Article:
Roman romance spans a day in the life of love
If, like mine, yours is a life that has become just a bit too frantic, The Lovers’ Guide to Rome by Australian author Mark Lamprell is a welcome escape from a world of looming deadlines and too many commitments.
The inspired title of Lamprell’s second novel is matched by Lisa White’s fabulous cover featuring a carefree young couple making the most of a shimmering day in Rome, as they recklessly ride their motor scooter down the Spanish Steps. The cover alone makes me want to drop everything and join them.
Lamprell’s novel, which spans just one day in Rome, follows the exploits of three couples: recently engaged American university student Alice who, in a chance encounter with the motor scooter-riding British student, August Clutterbuck, is shocked to discover that love at first sight may not be a myth, after all; Alec and Meg, whose 20-year marriage is ailing; and the recently widowed Constance who, accompanied by her sister-in-law, Lizzie, has come to scatter the ashes of her late husband.
This heartwarming story has all the makings of a Hollywood rom-com, and given that Lamprell is a screenwriter and film director, who knows — this may be more than idle speculation. What is certain, however, is that The Lovers’ Guide to Rome has already attracted widespread attention overseas with rights to the book having been sold in North America, Germany, The Netherlands, Italy, Norway, Israel, Serbia, France, the Czech Republic and Hungary. Interestingly, the North American rights have been bought by Amy Einhorn of Flatiron Books who made Kathryn Stockett’s such a huge success.
Rome is an inspired setting for this exploration of love found, love faltering and love lost. Lamprell’s extensive knowledge of the city and its history is clear and although the book is peppered with quirky and informative anecdotes about the city, it is to his credit that it wears the research lightly. In part this is achieved by the use of the “spirit of Rome’’ to narrate the story. Reminiscent of Markus Zusak’s The Book Thief, who uses death, a kindly but exhausted spectre, as his narrator, the spirit of Rome is a more upbeat figure, assigned to inspire and challenge the people within the city. This could be a risky move but, by not overusing the device, Lamprell manages to pull it off.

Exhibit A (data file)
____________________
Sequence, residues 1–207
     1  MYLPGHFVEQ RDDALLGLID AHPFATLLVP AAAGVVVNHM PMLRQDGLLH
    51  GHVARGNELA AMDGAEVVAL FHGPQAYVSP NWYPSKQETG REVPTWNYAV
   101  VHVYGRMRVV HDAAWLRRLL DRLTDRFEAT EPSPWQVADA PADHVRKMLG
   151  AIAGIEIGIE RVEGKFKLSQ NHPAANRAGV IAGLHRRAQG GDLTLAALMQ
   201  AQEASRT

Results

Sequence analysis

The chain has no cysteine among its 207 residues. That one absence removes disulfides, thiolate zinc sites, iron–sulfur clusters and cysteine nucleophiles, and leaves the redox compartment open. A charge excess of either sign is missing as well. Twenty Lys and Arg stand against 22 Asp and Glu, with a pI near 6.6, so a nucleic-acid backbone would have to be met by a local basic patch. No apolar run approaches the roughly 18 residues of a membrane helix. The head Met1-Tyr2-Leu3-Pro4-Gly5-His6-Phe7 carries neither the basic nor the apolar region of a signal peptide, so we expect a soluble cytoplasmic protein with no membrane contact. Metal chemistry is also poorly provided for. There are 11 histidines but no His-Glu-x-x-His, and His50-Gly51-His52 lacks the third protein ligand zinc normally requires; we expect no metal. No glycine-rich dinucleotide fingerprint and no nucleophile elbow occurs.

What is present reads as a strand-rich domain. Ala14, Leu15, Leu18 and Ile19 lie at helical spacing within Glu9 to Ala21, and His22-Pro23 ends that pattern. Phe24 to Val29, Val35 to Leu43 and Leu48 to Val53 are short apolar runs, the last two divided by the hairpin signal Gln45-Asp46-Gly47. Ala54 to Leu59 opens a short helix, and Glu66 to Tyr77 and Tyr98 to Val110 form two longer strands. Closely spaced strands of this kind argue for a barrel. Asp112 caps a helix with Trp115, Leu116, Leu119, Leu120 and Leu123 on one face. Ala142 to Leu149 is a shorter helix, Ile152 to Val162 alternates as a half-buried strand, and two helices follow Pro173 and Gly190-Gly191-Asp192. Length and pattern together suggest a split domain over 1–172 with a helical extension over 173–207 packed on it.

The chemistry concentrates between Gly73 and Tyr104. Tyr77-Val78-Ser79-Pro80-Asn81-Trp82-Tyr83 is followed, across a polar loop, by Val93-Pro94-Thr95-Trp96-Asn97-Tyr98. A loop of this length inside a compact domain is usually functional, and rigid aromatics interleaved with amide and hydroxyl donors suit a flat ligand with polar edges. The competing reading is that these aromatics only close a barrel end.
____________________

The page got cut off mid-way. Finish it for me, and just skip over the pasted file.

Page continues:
Unusual narrative choices are not new to Lamprell. His first novel, The Full Ridiculous — which was shortlisted for the Russell Prize for Humour Writing, and which has also sold in several overseas territories — is narrated not in the first or third person but in the second person. Lamprell has conceded that, while an odd choice, it was an effective way to speed up the narrative and deliver the urgency it required.
The Lovers’ Guide to Rome is a more leisurely read and the spirit of Rome delivers a thoughtfulness to a moving and entertaining story.
Humour is one of Lamprell’s great strengths The Help and his description of the onset of young love, its awkwardness and its insecurity, is beautiful and hilarious. Particularly successful is Lamprell’s depiction of the internal voice of the lovestruck August as he struggles to contain his desire for Alice: “He felt his crotch stir again and begging it not to make a spectacle of itself, tried to remember when his dog died.”
Coincidences abound in this story in which an extraordinary number of events take place in one day. Were Lamprell not such an effective and compelling storyteller, it might seem too much. Instead, he takes us with him, forcing us to accept what he would have us believe, from an unexpected kidnapping to an unusual number of coincidental meetings and the unlikely recovery of a lost memento.
The author is a keen observer of people and his description of the people who surround his characters is clear, vivid and funny. The streets were teeming with tourists on their way home from dinner and Romans on their way to dinner. Half of them were pounding the pavement in sensible nylonand-elastane-blend travel pants and the other half were teetering in haute couture. Lamprell’s credentials as a screenwriter and director serve him well in. His writing is always